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Research shows a big increase in children taking melatonin


More parents are turning to melatonin when their kids can't get to sleep, and pediatricians say that's alarming. Here's NPR's Maria Godoy.

MARIA GODOY, BYLINE: Lauren Hartstein is a researcher at the University of Colorado Boulder. She studies sleep in early childhood.

LAUREN HARTSTEIN: All of a sudden, last year, we noticed that there was a big uptick in the number of parents who were regularly giving them melatonin.

GODOY: Melatonin is a hormone produced by your brain that helps regulate sleep-wake cycles. It's also sold as a dietary supplement. Harstein and her colleagues surveyed the parents of nearly 1,000 children between the ages of 1 to 14, and were surprised by how many kids were using it.

HARTSTEIN: Nearly 6% of preschoolers 1 to 4 had taken it - and that that number jumped significantly higher to 18 and 19% for school-aged children and preteens.

GODOY: Most of the kids had been taking it for a year or longer. And 1 in 4 kids were taking it every single night. Dr. Cora Collette Breuner says that kind of widespread use is deeply troubling.

CORA COLLETTE BREUNER: It is terrifying to me that this amount of an unregulated product is being utilized.

GODOY: Breuner is a pediatrician at the University of Washington and Seattle Children's Hospital. She says because melatonin is sold over the counter, people assume it's safe. But melatonin is a hormone, and there are concerns that it could potentially interfere with puberty. And she says there's no real data on long-term use in children.

BREUNER: I counsel patients and families about this on a daily basis - and my colleagues - that when we don't know something in terms of what the long-term effect is, especially on a growing brain and growing body, then we shouldn't use it without more data.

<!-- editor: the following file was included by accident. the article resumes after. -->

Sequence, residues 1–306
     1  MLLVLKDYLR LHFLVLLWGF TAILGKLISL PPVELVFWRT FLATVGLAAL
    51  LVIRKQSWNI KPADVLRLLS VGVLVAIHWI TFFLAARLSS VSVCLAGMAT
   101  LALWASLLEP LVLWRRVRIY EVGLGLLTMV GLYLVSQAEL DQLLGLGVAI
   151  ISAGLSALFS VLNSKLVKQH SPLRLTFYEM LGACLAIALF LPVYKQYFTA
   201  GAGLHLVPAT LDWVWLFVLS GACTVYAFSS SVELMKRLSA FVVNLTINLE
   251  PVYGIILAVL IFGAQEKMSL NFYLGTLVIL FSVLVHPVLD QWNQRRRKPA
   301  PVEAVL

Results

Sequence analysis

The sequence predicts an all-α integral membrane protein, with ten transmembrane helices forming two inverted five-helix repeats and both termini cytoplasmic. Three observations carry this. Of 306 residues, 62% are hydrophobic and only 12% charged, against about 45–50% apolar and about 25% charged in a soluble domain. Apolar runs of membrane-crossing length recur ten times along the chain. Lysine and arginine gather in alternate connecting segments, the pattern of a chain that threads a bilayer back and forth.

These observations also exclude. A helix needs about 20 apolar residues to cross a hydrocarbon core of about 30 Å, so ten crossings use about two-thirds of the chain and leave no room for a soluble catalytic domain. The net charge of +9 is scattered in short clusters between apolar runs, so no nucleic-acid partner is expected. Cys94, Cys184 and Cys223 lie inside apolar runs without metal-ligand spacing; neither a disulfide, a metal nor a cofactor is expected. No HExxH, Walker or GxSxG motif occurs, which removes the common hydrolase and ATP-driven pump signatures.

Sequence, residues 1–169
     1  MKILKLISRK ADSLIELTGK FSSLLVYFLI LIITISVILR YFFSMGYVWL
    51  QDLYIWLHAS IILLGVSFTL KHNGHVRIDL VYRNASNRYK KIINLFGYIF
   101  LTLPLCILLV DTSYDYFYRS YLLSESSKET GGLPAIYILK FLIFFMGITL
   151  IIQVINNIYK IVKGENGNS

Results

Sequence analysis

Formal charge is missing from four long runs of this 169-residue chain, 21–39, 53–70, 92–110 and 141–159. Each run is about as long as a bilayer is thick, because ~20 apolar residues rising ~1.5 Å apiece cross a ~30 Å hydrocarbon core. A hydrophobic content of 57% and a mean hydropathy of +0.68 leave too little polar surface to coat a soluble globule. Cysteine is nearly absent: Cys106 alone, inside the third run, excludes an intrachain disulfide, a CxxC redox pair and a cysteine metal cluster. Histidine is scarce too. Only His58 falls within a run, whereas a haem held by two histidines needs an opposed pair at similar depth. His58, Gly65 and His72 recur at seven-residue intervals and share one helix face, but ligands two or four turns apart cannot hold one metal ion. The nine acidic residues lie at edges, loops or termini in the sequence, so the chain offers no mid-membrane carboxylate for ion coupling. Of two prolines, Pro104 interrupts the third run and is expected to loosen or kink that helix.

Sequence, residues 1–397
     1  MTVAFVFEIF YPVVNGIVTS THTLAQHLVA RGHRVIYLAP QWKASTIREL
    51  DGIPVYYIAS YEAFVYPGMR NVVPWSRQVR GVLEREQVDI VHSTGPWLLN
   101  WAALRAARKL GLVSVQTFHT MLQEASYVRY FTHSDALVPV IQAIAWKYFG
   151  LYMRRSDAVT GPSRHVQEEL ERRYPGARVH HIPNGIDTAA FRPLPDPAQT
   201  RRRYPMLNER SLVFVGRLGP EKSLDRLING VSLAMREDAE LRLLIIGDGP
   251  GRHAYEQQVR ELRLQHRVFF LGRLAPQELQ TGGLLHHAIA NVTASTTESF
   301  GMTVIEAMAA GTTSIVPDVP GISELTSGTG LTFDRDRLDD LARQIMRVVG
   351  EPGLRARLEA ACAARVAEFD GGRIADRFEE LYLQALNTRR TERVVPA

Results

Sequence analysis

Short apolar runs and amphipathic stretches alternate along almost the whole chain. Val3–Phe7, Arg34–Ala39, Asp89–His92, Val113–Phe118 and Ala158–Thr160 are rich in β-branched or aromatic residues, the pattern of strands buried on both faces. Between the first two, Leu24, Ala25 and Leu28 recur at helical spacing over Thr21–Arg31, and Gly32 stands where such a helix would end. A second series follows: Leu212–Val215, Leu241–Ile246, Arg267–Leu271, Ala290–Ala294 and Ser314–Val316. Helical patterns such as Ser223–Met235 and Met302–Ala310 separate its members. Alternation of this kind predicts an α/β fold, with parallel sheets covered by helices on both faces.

GODOY: Melatonin supplements are unregulated. And research has found some can contain much more melatonin than what's listed on the label, in some cases, potentially dangerous amounts. One recent study found some gummies, the most common form of melatonin given to kids, even contained CBD.

NIA HEARD-GARRIS: The studies are really concerning in the fact that, like, you don't know what you're getting.

GODOY: Dr. Nia Heard-Garris is a researcher at Northwestern University and a pediatrician at Lurie Children's Hospital of Chicago. She says she understands why desperate parents turn to melatonin to help their kids sleep.

HEARD-GARRIS: I'm also a mom, so for all the parents out there with kids that have sleep issues, I get it. I've been there. I am there. And I have also used melatonin, like, when my son was much younger.

GODOY: But she says given all the unknowns, the focus needs to be on sleep hygiene first, things like turning off screens at least an hour before bedtime, using blackout shades and not letting kids stay up more than an hour or two past their normal bedtime on weekends and vacations.

HEARD-GARRIS: Now, if we're at a situation that we have tried everything - they've seen a sleep specialist; you know, we've kind of done all of the things - then I will prescribe melatonin.

GODOY: Dr. Heard-Garris says parents should definitely talk to their pediatrician before giving kids melatonin because it's possible to give too much. Signs of an overdose in kids include irritability, headaches, stomach pains and dizziness and severe drowsiness.

HEARD-GARRIS: Those are the red flags.

GODOY: Pediatric overdoses of melatonin have risen in the last decade. And while most kids were treated at home, hospitalizations also went up. The American Academy of Pediatrics recommends that the supplement only be used as a short-term way to help kids get rest. Maria Godoy, NPR News.

(SOUNDBITE OF BRILLION.'S "STAY") Transcript provided by NPR, Copyright NPR.

NPR transcripts are created on a rush deadline by an NPR contractor. This text may not be in its final form and may be updated or revised in the future. Accuracy and availability may vary. The authoritative record of NPR’s programming is the audio record.

Maria Godoy is a senior science and health editor and correspondent with NPR News. Her reporting can be heard across NPR's news shows and podcasts. She is also one of the hosts of NPR's Life Kit.